Your analysis strikes me as being obviously correct. Your writing is also better than mine :(
Nicely done, and all the best with caring after family, which is all that really matters in the end.
Unfortunately Lew I think you’re way off beam.
Most wealthy people I know aren’t guilty of avarice although some are and they at some time will lose their fortunes. Seeing avarice when it’s not there is not only a sign of envy it’s a sign that it’s present in the beholder since people often assess a trait in their “enemy” in order to avoid confronting that trait in themselves.
Of course if one concludes a person or group is avaricious then naturally one thinks they probably enjoy treading on people and dehumanising them in order to pursue their vice. It’s much easier that way, isn’t it.
Unfortunately life doesn’t work like that.
The way to success in any field in life is to conquer your own weaknesses and make them into virtues. The only way to do that is to look within and use discernment, self-discipline, self-denial and self-sacrifice. No-one has ever achieved anything without doing this. Everyone, every single person alive, has it within themselves to become anyone and do anything they have it in their mind to conceive and in their heart to believe, provided they are prepared to do the work. That’s the way the Universe works. It’s proven time and again throughout recorded history in all cultures and in all epochs and in all civilisations.
Other people no matter who, cannot hold anyone back who has determined in themselves to set themselves on a path, provided that person is focused enough and determined enough to do it. This has nothing whatsoever to do with anyone else, it is an entirely internal struggle. If such a person is deflected or even deterred altogether from achieving their goals, that is a weakness in that person, not a reflection of strength in their protaganist.
This is the law of the Universe. It’s how life works. The ultimate expression of this arises from those who have understood the ultimate truth, that we are all connected and who practice that accordingly in their every action, both hidden and in public. The ultimate bastardisation arises from those who seek merely to impose their will upon others seeking a Nietzschean nihilistic landscape.
Almost the entire human race lies somewhere between these two extremes but the mistake is for anyone to imagine that they are somehow prevented from achieving either pole because of the influence of others, whoever they may be and whatever their current position in life.
Pingback: More On The Faultline | BK Drinkwater
With apologies for introducing an irrelevant, perhaps it is not, subject I commend to your attention this link. NYT this morning.
Obviously something in the State of Denmark smells ….
I disagree with you entirely. The will to succeed is not enough in itself. Every human being has limitations, whether they be physical, academic, emotional…These shortfalls within each individual is displayed when others (or society as a whole) set the bar at a certain level, and individuals, through no fault of their own, are unable to live up to these pre-determined standards/expectations. I’m not saying that the standards are too high, and should be lowered, I’m simply saying that some individuals in some areas of their lives simply cannot meet ‘the mark’. For example, I consider myself to be a reasonably intelligent and educated person, at one stage in my life I wanted to be a Forensic Scientist. I have a natural ability in art, English, reading, writing, geography, history, etc…but I really struggle with logic/tech/science learning. Because Forensics is essentially a science, and because I lacked (academically/mentally/emotionally) the natural ability to grasp science and succeed in this area, I soon became aware I would be unable to pursue the life-path that would lead to me eventually becoming a Forensic Scientist. This was not for lack of ambition or want, as I tried incredibly hard at school to succeed in my science subjects. Teachers, tutors, lecturers, institutions all set the bar at a certain level, and I could not meet this level, therefore I was excluded. Another example is that South Korean woman who failed her drivers test 771 times. The level was set, and she could not reach this level. Society has effectively told this woman 771 times that she is not fit to legally drive a car. I guess what I’m trying to say is that society sets the bar, and quite often no amount of determination on the part of the individual will allow them to reach the level required. Sometimes pure determination can work, other times it does not. Success and overcoming obstacles is not a purely internal struggle when the obstacles are put there by external forces.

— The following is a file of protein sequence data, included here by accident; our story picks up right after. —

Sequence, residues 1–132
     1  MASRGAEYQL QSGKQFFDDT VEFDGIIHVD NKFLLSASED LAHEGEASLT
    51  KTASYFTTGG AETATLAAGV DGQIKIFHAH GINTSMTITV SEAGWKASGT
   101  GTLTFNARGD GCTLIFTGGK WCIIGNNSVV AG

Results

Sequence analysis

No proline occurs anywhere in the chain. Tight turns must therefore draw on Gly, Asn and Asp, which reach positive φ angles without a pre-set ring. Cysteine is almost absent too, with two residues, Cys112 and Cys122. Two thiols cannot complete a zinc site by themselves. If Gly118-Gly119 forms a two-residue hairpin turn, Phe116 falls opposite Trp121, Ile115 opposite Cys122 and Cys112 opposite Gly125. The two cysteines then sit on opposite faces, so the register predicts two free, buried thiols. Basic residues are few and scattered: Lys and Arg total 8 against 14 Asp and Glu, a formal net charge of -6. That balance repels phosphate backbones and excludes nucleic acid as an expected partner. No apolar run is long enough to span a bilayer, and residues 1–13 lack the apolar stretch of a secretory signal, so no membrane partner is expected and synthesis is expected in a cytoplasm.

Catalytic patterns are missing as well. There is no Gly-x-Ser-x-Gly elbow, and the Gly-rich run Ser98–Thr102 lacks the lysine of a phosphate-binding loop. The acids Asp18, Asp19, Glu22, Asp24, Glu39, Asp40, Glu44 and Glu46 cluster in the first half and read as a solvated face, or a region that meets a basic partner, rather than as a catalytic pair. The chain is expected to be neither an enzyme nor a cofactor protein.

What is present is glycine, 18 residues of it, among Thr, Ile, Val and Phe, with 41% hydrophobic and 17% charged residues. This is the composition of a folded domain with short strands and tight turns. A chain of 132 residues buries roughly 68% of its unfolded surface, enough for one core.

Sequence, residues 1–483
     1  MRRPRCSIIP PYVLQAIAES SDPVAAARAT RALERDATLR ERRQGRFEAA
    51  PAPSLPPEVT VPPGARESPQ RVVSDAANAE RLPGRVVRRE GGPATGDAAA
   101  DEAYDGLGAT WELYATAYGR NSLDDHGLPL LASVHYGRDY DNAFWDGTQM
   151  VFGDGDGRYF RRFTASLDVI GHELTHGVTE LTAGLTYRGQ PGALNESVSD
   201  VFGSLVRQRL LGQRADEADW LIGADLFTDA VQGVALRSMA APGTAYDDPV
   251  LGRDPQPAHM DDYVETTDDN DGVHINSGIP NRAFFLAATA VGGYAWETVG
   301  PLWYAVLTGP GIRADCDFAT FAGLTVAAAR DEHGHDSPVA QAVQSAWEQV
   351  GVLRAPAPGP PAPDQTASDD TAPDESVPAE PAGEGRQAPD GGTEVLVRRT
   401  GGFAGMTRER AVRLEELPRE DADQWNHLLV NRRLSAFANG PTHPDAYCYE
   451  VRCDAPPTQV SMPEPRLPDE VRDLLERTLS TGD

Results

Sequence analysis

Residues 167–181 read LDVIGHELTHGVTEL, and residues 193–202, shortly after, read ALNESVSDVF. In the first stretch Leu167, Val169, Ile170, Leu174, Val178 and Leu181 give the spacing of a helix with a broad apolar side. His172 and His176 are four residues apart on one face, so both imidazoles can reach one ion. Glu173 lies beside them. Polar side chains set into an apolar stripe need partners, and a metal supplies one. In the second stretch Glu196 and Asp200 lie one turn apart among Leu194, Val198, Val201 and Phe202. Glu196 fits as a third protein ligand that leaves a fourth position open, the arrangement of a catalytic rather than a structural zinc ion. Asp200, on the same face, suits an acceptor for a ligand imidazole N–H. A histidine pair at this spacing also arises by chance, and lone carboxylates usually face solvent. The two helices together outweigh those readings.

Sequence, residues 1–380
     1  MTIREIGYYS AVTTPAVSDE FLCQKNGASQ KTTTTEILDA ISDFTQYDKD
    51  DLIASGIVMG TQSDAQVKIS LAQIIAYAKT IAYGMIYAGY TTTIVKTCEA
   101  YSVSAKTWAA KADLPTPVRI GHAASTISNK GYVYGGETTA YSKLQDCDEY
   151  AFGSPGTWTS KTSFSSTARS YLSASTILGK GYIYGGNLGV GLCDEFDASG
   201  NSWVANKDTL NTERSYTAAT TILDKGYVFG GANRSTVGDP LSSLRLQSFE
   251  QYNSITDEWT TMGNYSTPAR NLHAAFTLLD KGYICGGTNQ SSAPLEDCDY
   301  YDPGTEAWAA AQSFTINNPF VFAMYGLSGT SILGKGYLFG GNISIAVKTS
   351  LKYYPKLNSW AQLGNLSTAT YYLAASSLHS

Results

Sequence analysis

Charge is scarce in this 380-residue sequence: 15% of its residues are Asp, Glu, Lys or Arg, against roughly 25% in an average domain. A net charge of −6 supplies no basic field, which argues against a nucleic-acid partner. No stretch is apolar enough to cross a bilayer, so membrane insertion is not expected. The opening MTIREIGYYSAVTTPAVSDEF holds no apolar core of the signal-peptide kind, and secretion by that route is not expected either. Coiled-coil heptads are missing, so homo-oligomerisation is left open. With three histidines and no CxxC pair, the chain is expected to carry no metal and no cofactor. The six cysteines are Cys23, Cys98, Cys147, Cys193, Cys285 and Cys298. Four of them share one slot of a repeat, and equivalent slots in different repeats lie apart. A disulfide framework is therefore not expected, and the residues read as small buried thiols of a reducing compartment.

To me the polarity that Lew posits, (amitionists verses risk aversionists), is based on an individualist outlook, and not theway I usually view the differences between left and right wing policies.
To me the left is much more into the idea that society is more than a collection of (self-serving) individuals. In order to achieve any kind of success, or to avoid major risks, there needs to be collaborative endeavours, such as social provisions and services.
The individualistic oultllok is more one I associate with the centre-ground of politics and the right.
Pingback: Kiwipolitico » Blog Archive » Trotter: more on the h
“The notional ambitionist is concerned with negative rights because they see the world as basically beneficial, and consider that if people are just left the hell alone human beings will generally be sweet. The notional mitigationist ideologue, on the other hand, believes that the world is a harsh place, and that minimum entitlements of comfort and dignity should be guaranteed in positive rights.”
Also there is the Tragic vision/Utopian vision of the world described by Thomas Sowell & discussed in Steven Pinker’s book ‘The Blank Slate. Basically, the tragic vision is that we are limited in what we understand & can change. Therefore a conservative approach is sensible. The utopian vision is that people are perfectible & policies that aim to change social arrangements should be pursued.
Rauparaha at The Visible Hand In Economics presents a quote by Winston Churchill which encapsulates in two sentences the essence of what I’ve mostly failed to explain here in a couple of thousand words:
Pingback: Kiwipolitico » Blog Archive